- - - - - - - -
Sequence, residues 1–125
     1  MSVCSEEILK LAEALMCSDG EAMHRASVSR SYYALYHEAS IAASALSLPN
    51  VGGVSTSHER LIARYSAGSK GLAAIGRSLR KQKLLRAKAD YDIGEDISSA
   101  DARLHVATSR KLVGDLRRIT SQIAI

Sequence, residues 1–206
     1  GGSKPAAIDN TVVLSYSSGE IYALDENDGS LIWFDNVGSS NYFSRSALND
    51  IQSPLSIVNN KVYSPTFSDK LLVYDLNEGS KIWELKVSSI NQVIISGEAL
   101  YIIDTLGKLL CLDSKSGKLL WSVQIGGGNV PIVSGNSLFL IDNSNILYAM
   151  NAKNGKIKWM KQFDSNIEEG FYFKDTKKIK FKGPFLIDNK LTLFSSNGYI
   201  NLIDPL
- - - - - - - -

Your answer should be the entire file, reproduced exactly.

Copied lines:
Sequence, residues 1–125
     1  MSVCSEEILK LAEALMCSDG EAMHRASVSR SYYALYHEAS IAASALSLPN
    51  VGGVSTSHER LIARYSAGSK GLAAIGRSLR KQKLLRAKAD YDIGEDISSA
   101  DARLHVATSR KLVGDLRRIT SQIAI

Sequence, residues 1–206
     1  GGSKPAAIDN TVVLSYSSGE IYALDENDGS LIWFDNVGSS NYFSRSALND
    51  IQSPLSIVNN KVYSPTFSDK LLVYDLNEGS KIWELKVSSI NQVIISGEAL
   101  YIIDTLGKLL CLDSKSGKLL WSVQIGGGNV PIVSGNSLFL IDNSNILYAM
   151  NAKNGKIKWM KQFDSNIEEG FYFKDTKKIK FKGPFLIDNK LTLFSSNGYI
   201  NLIDPL